7 July 2007

We had an early, but slow, start this morning. The winds just weren't on our side, and the ride seemed to drag on and on. About 70 km before the Ontario border, the forests and hills began. With the forests came flies--lots of them. At first, they didn't really bother me. But as we rode deeper into the forest, both their number and annoyingness increased drastically. They'd swarm around your head, often hitting you in the face, and bite you in the ass. At one point, I just couldn't take it anymore, they were driving me absolutely insane. I picked up the pace, and we booted it as fast as we could to a general store about 10 km away, where we bought some bug spray (ours had run out). I think this was one of the most horrible parts of the trip, and definitely where I did my hardest pedaling.

We took our lunch break in Whitehawk Lake, just before the Ontario-Manitoba border. Outside the restaurant, we met a guy from Selkirk, a town just outside of Winnipeg, who was really into cycling. Inside, he came over to out table and introduced us to his wife. Both were very impressed by out trip, and bought us our lunch!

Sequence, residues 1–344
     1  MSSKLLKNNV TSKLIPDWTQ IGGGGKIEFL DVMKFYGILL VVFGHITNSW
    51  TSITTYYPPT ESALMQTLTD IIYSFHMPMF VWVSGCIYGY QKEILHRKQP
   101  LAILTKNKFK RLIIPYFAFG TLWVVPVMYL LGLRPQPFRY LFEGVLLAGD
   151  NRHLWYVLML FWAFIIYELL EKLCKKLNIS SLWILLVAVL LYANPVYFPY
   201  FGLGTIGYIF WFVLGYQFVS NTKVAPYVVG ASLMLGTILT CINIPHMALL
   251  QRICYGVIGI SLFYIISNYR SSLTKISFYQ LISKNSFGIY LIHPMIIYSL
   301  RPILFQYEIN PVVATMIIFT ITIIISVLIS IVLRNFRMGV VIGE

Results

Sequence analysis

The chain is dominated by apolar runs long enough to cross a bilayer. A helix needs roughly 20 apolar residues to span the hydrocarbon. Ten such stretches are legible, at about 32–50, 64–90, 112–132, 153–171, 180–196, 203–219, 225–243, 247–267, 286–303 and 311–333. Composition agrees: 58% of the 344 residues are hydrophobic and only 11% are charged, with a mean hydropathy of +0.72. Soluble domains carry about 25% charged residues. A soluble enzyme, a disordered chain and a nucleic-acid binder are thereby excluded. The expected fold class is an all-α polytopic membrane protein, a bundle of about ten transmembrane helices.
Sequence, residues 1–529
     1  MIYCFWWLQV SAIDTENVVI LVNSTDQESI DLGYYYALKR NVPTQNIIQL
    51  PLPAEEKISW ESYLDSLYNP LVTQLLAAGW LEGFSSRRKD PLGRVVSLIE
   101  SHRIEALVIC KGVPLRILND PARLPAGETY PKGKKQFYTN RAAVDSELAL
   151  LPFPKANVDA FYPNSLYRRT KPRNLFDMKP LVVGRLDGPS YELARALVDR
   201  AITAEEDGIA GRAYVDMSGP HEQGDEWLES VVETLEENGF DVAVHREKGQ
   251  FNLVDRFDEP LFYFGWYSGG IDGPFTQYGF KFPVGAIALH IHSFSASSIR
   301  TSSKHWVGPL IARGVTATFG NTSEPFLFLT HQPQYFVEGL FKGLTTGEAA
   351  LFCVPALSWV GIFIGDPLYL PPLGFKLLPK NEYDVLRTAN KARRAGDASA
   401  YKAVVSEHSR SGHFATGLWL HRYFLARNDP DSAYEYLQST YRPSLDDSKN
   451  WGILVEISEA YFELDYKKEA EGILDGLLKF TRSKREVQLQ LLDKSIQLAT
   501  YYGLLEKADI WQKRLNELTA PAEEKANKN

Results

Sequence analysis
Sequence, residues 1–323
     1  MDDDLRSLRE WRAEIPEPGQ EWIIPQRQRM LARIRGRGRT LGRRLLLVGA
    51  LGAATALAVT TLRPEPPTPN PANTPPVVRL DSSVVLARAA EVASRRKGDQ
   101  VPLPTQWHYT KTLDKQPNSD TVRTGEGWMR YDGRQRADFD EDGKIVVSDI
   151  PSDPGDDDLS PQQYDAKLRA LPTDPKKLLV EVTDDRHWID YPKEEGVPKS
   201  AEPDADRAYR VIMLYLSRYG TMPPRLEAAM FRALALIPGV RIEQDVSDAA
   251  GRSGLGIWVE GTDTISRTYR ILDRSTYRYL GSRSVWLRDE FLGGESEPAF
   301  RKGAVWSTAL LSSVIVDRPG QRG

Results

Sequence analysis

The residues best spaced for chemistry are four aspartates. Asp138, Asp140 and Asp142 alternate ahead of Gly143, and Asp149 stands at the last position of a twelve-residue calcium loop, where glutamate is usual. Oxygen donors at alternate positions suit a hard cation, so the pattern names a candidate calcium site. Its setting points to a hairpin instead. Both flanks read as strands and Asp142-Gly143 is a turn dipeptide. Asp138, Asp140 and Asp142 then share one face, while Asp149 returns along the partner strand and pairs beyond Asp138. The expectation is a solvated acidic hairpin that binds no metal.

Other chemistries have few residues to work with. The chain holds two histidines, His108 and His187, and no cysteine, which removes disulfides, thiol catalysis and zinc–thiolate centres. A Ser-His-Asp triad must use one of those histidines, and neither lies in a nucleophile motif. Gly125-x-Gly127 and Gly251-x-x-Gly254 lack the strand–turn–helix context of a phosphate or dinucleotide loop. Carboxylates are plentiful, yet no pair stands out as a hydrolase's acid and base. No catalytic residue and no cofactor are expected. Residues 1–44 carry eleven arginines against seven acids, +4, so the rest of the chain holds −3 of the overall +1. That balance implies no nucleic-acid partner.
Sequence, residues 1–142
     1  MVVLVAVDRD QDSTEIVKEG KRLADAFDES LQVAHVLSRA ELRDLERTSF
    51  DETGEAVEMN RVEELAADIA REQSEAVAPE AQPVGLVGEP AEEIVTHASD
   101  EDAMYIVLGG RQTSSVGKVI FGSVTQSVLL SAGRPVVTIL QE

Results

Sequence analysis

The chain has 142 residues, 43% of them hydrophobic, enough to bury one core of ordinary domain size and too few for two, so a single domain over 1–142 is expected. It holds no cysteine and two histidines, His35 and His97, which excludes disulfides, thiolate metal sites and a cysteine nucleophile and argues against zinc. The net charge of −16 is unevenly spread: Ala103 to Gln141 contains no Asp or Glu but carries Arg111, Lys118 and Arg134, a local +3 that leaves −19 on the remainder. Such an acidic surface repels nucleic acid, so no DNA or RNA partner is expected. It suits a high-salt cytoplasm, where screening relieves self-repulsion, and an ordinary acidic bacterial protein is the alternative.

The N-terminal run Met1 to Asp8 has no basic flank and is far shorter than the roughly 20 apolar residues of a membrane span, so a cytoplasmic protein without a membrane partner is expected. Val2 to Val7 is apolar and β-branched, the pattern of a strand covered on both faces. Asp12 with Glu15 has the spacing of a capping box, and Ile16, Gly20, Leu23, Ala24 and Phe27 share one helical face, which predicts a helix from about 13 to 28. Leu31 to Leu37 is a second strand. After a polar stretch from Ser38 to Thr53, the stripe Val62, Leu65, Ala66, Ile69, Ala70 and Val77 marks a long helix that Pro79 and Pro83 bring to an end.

We took a long time to hit the road again after lunch, and once we did, it got really hot. As we entered Ontario, the landscape became increasingly hilly, which was fun, but tough. At one point, after we had climbed a hill with a construction zone at the end, a car had pulled over. A woman got out, walked over to us, and handed me a bag of frozen strawberries. She had tears in her eyes, and said, "Here are some frozen strawberries. My father's going the other way. I don't know why I'm crying" and then walked straight to her car. I was dumbfounded, and barely managed to thank her. It's amazing how kind so many people are. This woman was obviously upset about something, yet she still took the time to stop and give us those berries. They were quite refreshing--pretty key on such a hot day.

The ride into Kenora was the longest and toughest of our trip. My feet and ass were aching, and we just didn't want to move on. It was a relief to finally reach Kenora, on Lake of the Woods, and go swimming.

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